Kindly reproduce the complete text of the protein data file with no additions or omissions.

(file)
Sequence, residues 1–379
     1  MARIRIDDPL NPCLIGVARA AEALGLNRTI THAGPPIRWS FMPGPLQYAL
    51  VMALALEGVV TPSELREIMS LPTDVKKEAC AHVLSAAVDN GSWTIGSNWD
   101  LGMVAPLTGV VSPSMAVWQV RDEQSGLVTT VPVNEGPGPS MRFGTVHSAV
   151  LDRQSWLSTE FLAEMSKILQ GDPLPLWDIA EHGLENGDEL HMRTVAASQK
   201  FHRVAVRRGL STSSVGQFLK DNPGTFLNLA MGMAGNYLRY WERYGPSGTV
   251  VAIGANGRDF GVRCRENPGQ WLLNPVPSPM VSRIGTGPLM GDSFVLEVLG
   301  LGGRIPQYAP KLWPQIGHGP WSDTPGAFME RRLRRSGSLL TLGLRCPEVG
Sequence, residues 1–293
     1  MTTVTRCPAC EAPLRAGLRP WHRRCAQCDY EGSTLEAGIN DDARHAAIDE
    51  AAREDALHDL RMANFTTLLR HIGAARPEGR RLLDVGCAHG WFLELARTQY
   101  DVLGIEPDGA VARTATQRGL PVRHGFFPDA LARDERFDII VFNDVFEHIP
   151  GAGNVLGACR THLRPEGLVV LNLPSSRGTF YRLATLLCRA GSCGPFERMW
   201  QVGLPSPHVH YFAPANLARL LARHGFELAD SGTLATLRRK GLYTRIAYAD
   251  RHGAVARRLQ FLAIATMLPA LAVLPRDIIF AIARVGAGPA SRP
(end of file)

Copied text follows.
Sequence, residues 1–379
     1  MARIRIDDPL NPCLIGVARA AEALGLNRTI THAGPPIRWS FMPGPLQYAL
    51  VMALALEGVV TPSELREIMS LPTDVKKEAC AHVLSAAVDN GSWTIGSNWD
   101  LGMVAPLTGV VSPSMAVWQV RDEQSGLVTT VPVNEGPGPS MRFGTVHSAV
   151  LDRQSWLSTE FLAEMSKILQ GDPLPLWDIA EHGLENGDEL HMRTVAASQK
   201  FHRVAVRRGL STSSVGQFLK DNPGTFLNLA MGMAGNYLRY WERYGPSGTV
   251  VAIGANGRDF GVRCRENPGQ WLLNPVPSPM VSRIGTGPLM GDSFVLEVLG
   301  LGGRIPQYAP KLWPQIGHGP WSDTPGAFME RRLRRSGSLL TLGLRCPEVG
Sequence, residues 1–293
     1  MTTVTRCPAC EAPLRAGLRP WHRRCAQCDY EGSTLEAGIN DDARHAAIDE
    51  AAREDALHDL RMANFTTLLR HIGAARPEGR RLLDVGCAHG WFLELARTQY
   101  DVLGIEPDGA VARTATQRGL PVRHGFFPDA LARDERFDII VFNDVFEHIP
   151  GAGNVLGACR THLRPEGLVV LNLPSSRGTF YRLATLLCRA GSCGPFERMW
   201  QVGLPSPHVH YFAPANLARL LARHGFELAD SGTLATLRRK GLYTRIAYAD
   251  RHGAVARRLQ FLAIATMLPA LAVLPRDIIF AIARVGAGPA SRP